Without a lot of fanfare, a group of high-powered economic development experts met in Cincinnati last week to launch a multi-million dollar program to invest in the biomedical industry in Ohio and create the kind of high-paying jobs that sector employs.
Collectively, the group is called the Third Frontier Biomedical Advisory Board and it’s banking on investing $100 million over three years to help bring high-impact biomed jobs to Cincinnati and the rest of the state, help bring promising medical technologies to the commercial marketplace, and create industry clusters of high-tech innovation throughout the state.
This small board (seven members) was created by the $1.6 billion economic stimulus package signed by Gov. Ted Strickland in June. That package, said to be the largest infrastructure and jobs program in the state of Ohio in 30 years, is expected to help create 57,000 jobs. The biomedical industry is being targeted to supply a big chunk of those jobs – 6,600 of them, to be precise.
Why biomed? Because it is an emerging, growing industry whose impact is already large and expected to expand. In 2006, the total economic impact of Ohio's bioscience industry was $146 billion, more than 17 percent of the state's total economic output, the Ohio Department of Development says.
The $100 million Biomedical Growth Fund will be used to help attract new companies and encourage the expansion of existing ones, and give economic development officials a tool to offer incentive packages for high-impact, high-visibility deals. In their sights are so-called “anchor” companies, large firms that could act as magnets for attracting other companies and suppliers, and major research and development operations of existing companies.
“We’re trying to get the brains as well as the brawn of these companies,” says Norman Chagnon, executive director of the Third Frontier Commission.
The targets will be companies like Amylin Pharmaceuticals, a San Diego-based drug development company that's building a manufacturing plant in the Cincinnati suburb of West Chester, a $400 million project expected to eventually create 500 jobs. That project was brought to fruition partly with a $1.5 million grant from another piece of Ohio’s Third Frontier program. (The Third Frontier project, established in 2002, is a 10-year, $1.6 billion initiative to create high-paying jobs through innovation, research and development and the commercialization of next-generation products. To date, nearly 40 percent of Third Frontier awards, more than $300 million, have been made to biomedical projects.)
But funding will also be targeted to high-growth, early-stage companies that are close to entering the marketplace with products that have already attracted significant investments from venture capital firms and others.
It’s also likely that some of the money will be used to help commercialize new technologies and product ideas that arise from Ohio’s universities and research centers. “Feeding the commercialization pipeline and nurturing viable technologies and products is critical to the fabric of this,” Chagnon says.
That could be good news for a research center such as Cincinnati Children’s Hospital Medical Center, the largest pediatric research center in the Midwest and one of the largest in the country. Much of the research going on there will lead to medical products of tomorrow: the center expects more than 100 invention disclosures this year, up more than 25 percent from 2007. (An invention disclosure means a scientific discovery has been identified as having market potential, so patents and licenses can be pursued to help develop technologies for commercial use.) Children's research portfolio has significantly increased in recent years, as it realized $5.5 million in licensing revenue in fiscal 2007, nearly double from the year before.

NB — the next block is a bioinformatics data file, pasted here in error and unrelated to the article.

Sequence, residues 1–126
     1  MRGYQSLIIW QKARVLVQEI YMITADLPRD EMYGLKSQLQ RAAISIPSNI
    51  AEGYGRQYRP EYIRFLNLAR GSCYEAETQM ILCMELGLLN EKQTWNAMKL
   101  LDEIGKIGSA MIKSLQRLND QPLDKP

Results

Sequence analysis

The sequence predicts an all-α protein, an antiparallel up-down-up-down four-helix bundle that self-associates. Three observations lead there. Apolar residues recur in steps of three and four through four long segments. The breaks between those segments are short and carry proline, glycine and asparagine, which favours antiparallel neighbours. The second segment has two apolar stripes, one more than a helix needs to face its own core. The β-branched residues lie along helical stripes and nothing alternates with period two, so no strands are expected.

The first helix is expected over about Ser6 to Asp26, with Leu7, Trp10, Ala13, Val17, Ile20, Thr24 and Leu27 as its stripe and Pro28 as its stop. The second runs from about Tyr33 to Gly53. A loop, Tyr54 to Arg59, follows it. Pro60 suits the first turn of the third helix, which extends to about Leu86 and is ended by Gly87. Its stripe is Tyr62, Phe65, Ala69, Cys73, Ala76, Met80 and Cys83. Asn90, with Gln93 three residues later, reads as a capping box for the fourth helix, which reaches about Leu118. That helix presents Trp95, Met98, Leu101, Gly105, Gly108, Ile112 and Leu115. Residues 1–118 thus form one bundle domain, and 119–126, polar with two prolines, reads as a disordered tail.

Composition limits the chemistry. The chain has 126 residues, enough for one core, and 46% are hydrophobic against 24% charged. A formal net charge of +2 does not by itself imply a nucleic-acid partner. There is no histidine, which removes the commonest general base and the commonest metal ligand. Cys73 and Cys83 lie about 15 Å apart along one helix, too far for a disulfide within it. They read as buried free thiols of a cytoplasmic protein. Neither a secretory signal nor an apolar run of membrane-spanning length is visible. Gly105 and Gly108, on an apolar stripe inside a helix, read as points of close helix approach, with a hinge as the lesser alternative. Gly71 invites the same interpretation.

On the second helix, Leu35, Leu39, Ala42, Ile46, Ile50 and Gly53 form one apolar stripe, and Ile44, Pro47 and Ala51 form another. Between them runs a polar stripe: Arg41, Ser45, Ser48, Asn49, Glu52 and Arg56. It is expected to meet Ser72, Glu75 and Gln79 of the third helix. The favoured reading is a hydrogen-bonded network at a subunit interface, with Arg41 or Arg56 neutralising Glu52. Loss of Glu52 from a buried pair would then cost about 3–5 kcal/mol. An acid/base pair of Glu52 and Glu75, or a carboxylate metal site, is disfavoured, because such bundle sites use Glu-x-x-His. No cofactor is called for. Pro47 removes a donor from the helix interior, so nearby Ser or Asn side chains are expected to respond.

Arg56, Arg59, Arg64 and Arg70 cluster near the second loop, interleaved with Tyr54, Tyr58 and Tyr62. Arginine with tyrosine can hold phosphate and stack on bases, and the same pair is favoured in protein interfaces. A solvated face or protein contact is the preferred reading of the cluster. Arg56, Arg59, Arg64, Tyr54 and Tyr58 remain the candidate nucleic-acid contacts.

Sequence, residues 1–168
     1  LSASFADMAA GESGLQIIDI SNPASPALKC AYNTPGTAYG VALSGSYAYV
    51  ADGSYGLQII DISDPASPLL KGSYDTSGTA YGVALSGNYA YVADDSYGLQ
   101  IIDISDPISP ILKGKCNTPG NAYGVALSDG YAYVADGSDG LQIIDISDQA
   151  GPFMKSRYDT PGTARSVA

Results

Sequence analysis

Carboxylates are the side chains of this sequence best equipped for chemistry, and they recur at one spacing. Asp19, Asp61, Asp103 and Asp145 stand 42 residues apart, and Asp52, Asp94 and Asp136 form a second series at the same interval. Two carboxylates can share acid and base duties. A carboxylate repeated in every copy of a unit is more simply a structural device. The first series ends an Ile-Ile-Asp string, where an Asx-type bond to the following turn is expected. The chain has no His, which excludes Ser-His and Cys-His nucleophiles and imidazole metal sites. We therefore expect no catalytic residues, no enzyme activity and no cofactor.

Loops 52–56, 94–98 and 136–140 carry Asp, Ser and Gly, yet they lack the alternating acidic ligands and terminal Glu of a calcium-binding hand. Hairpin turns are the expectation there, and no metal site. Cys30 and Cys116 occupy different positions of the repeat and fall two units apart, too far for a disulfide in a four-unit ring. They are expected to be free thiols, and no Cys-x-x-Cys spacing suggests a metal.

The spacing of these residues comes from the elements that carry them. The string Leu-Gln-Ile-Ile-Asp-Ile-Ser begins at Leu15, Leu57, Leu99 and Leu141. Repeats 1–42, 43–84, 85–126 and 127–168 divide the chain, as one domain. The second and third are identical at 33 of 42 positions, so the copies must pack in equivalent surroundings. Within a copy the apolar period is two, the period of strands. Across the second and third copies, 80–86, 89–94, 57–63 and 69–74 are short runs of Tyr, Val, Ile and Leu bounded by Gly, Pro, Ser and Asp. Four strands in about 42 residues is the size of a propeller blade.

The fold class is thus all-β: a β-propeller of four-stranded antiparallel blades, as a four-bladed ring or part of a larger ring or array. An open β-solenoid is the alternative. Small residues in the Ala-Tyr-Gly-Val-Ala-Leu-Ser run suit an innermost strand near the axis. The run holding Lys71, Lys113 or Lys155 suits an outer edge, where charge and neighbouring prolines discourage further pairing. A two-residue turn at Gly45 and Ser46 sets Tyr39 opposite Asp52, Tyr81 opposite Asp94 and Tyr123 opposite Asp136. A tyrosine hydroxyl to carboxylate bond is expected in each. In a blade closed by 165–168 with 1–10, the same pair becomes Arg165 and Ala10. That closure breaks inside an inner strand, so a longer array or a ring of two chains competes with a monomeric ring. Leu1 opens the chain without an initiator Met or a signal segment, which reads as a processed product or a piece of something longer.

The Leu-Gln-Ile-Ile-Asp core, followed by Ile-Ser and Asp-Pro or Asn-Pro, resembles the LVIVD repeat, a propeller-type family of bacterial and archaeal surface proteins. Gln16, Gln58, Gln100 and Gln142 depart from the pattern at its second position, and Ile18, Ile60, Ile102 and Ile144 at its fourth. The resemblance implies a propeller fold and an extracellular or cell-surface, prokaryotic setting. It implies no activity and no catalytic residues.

It could also mean more opportunities for Cincinnati's life sciences incubator, BioStart, which has already assisted more than 100 companies, helped create more than 180 jobs and raised more than $170 million through grants, investments and research contracts. BioStart recently launched an outreach program to find innovators and inventors who are working on high-potential medical products to help get them connected with capital, management and other resources needed to get their ideas into the marketplace.
The biomedical fund is seen as a way to invest in growing industries, contribute to long-term job creation, and create and sustain industry clusters. "Part of the principle is to not only attract jobs but to build clusters so we can provide sustainable jobs over time," says Tony Dennis, newly elected chair of the board and president of BioOhio, a Columbus-based bioscience accelerator.
A major of the goal of the funding (whose source is the Tobacco Settlement Fund) is to leverage private investments. "Our hope is to develop public-private partnerships," says Mark Barbash, assistant director of the Ohio Department of Development.
"These dollars will encourage people to develop stronger partnerships with the state," Dennis says.
David Holthaus is Innovation and Job News Editor for Soapbox
Photographs provides by BioStart
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